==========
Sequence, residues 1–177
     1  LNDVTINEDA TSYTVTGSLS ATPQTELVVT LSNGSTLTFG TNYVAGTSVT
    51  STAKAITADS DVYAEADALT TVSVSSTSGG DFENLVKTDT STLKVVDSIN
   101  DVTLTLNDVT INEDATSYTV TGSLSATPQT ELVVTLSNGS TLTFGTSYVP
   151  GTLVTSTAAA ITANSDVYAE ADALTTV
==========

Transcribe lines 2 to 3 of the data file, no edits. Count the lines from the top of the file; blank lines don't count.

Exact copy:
     1  LNDVTINEDA TSYTVTGSLS ATPQTELVVT LSNGSTLTFG TNYVAGTSVT
    51  STAKAITADS DVYAEADALT TVSVSSTSGG DFENLVKTDT STLKVVDSIN